Days of torrential rain have left four north Queensland towns isolated, with no let-up in sight for residents still struggling to recover from Cyclone Yasi.
A massive rain band began soaking the Cassowary Coast on Monday and an upper level trough is expected to move into the area on Thursday, intensifying rainfall.
In the 24 hours to 9am Thursday, South Mission Beach received 321mm, Euramo 185mm and Tully 158mm, compounding massive falls over the last few days.
Emergency Management Queensland area director Daryl Camp said about a dozen homes had been flooded in cyclone-hit Cardwell as well as nearby Kennedy and Ellerbeck.
"It's just one more thing on top of everything else that's happened to the poor buggers," he told AAP.
Cardwell couple Molly and Archie Dunn lost windows, bits of wall, and every stick of furniture bar a bed and table when Cyclone Yasi hit last month.
Since then they've been living in the downstairs garage, surrounded by tarps affording flimsy protection against the deluge now swamping the town.
"We're dodging the leaks. We are getting a bit sick of it," Mr Dunn, 84, told AAP on Thursday.
His 72-year-old wife said they were just getting on with it. "You don't get bored, that's for sure."
At Tully, there was a lot of water around the town but so far no homes or businesses had gone under.
"There has been a lot of calls for help (from Tully)," Mr Camp said.
"These people have been living under tarps since cyclone Yasi and they're now leaking from the wind and rain."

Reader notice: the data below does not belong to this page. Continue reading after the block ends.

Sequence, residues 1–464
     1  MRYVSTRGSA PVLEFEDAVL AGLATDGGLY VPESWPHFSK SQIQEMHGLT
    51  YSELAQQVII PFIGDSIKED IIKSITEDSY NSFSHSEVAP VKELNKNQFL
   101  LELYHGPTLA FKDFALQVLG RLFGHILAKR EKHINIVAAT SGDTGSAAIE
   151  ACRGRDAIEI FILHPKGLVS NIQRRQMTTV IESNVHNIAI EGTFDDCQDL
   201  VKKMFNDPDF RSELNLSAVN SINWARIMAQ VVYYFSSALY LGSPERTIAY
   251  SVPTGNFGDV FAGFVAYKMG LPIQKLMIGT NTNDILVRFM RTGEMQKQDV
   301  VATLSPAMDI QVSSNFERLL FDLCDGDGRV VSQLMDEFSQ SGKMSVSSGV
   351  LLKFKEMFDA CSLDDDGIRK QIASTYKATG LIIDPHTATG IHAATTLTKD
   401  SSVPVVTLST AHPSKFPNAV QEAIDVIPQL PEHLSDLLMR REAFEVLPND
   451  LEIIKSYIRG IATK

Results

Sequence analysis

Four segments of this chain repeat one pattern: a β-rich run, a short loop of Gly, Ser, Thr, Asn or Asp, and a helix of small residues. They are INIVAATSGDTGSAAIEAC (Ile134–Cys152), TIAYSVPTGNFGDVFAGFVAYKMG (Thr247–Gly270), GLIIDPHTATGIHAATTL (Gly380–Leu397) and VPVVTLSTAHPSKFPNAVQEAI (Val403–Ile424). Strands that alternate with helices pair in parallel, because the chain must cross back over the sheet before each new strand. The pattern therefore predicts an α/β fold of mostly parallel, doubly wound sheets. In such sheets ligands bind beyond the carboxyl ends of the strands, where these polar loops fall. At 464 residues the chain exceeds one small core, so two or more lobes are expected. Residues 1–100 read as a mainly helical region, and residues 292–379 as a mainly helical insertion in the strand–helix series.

Tully Police said the northern route out of town was still open but the route to the south was closed.
Cardwell, Mission Beach, Tully Heads and Hull Heads are isolated, with 60cm of water on roads in some places.
The SES received 89 calls for help in the region to fix tarps, sandbag and evacuate.
One woman called in early this morning to report that her ceiling had collapsed, Mr Camp said.
Two SES teams will be sent to Cardwell on Thursday. Another went in on Wednesday to help local crews.
A South Australian team of 18 flew in to Cairns on Wednesday but they're now stuck at Mission Beach, helping residents there.
"They're going to be busy," Mr Camp said.
Bureau of Meteorology senior forecaster Bryan Rolstone says the situation is expected to get worse.
"Today and tomorrow will be the worst for those townships," he told AAP.
"Because the catchment is saturated, flooding is very easy and when we have heavy rain, flooding is more likely."
The massive monsoonal trough that's causing the torrential rain is almost stationary, spanning from the southern part of the Gulf Country to the northeast tropical Coast.
A severe weather warning for flash flooding has been issued for the area.